Maddie Krentz overcomes knee injury to lead Boise State gymnastics


A major knee surgery as a high school junior left Maddie Krentz worried about how she would handle life without gymnastics.

That fear inspired her to fight back from the injury and realize her dream as a college gymnast at Boise State.

And the experience fixing the chronically dislocated kneecap answered her question about what she would do without her sport: She wants to get into the biomedical engineering field.

“It was physically trying and also emotionally trying for me. I didn’t know what I was going to do or what my plans were for my future if I couldn’t continue gymnastics,” Krentz said. “So it was almost not an option to quit.”

Now a college junior, Krentz majors in mechanical engineering and minors in biomedical engineering. It’s one of the most challenging academic loads a Boise State gymnast has attempted, co-coach Tina Bird said, but it doesn’t show.

It was physically trying and also emotionally trying for me. I didn’t know what I was going to do or what my plans were for my future if I couldn’t continue gymnastics. So it was almost not an option to quit.
— Maddie Krentz

“We’ve had kids take organic chemistry and come in crying every day for a month,” Bird said. “Maddie has never come in stressed out because of her load. She is so organized and so dedicated. She’s been a breeze.”

Krentz, voted a captain by her teammates, will lead the Broncos into the Beauty and the Beast event Friday night at Taco Bell Arena against Southern Utah.

Krentz is coming off the first event victory of her career with a 9.925 on vault in a four-team meet at No. 6 Utah. She also competes on floor and bars and hopes to crack the beam lineup later this season.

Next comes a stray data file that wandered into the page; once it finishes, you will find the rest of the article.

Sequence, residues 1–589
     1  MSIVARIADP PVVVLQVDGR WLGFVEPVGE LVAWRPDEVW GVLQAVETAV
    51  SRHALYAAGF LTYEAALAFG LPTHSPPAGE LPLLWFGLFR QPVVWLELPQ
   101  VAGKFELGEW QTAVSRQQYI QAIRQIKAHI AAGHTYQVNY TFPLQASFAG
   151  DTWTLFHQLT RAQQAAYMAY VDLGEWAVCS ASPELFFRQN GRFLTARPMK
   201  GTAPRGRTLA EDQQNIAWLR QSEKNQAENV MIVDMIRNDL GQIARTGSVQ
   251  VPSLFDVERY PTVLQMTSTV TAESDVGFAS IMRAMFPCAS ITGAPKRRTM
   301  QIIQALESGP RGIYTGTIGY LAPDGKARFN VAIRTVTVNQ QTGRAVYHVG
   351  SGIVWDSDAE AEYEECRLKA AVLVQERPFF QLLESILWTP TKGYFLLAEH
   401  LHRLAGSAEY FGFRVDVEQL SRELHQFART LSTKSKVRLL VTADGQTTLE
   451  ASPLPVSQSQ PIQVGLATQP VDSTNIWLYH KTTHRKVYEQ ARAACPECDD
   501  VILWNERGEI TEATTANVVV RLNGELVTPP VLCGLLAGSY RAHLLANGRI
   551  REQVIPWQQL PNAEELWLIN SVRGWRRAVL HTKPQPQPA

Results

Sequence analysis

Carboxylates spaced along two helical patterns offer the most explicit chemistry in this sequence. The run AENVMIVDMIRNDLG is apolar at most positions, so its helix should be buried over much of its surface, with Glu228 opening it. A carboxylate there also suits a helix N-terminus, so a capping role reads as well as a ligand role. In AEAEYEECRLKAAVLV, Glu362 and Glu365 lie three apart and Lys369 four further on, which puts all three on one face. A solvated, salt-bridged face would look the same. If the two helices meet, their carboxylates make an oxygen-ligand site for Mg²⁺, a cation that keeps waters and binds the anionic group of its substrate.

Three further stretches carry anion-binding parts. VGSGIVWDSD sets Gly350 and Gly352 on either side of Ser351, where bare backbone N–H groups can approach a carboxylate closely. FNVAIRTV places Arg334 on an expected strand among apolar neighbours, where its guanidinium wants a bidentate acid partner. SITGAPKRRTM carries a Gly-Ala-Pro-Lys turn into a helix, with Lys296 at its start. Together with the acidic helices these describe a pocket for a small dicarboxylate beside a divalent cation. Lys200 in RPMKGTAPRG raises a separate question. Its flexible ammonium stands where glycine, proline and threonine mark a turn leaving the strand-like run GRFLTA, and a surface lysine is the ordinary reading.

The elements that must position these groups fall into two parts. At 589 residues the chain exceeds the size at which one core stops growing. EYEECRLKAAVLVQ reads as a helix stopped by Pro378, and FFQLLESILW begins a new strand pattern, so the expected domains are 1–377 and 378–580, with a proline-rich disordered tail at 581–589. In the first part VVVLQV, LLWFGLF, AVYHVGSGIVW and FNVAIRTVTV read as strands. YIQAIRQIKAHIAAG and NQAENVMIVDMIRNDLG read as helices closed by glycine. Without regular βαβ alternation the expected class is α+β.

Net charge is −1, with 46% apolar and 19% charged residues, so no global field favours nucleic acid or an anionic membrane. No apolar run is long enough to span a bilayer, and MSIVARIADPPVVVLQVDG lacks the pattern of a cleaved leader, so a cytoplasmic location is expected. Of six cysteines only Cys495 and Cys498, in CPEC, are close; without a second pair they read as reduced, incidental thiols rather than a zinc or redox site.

She grew up in Cave Creek, Arizona, and trained at the elite level — a step higher than most Boise State gymnasts.

“Maddie’s a jumper,” Bird said. “She’s very punchy. That’s one of the main things we look for in an athlete.”

Krentz has one sister and four brothers — all basketball players. She is the shortest and, she said, worst shooter of the siblings. It might not have mattered — she has been in gymnastics since she was 2 years old, when her mom needed an outlet for her daughter’s abundant energy.

Krentz still has a busy mind. The beam is her worst event because it requires the most focus.

“Maddie talks nonstop,” co-coach Neil Resnick said. “It’s unreal.”

That personality was instrumental in landing her captain status this season alongside senior stars Ciera Perkins and Kelsey Morris.

Krentz describes her approach to the team’s younger gymnasts as “mothering.”

“Maddie sees the positive in everybody and every situation,” Bird said. “There are many times people are down and Maddie just jumps right in there and picks them right up.”

Krentz contributed 22 routines when she was a freshman in 2013. She was named the WAC Freshman of the Year.

She increased her role to 29 routines in 2014. She posted a 9.725 or better on each of her past 16.

“My technique and just my mental toughness have gotten extremely better,” she said. “For me, it’s always been a mental toughness thing.”

This article was written by Chadd Cripe from The Idaho Statesman and was legally licensed through the NewsCred publisher network.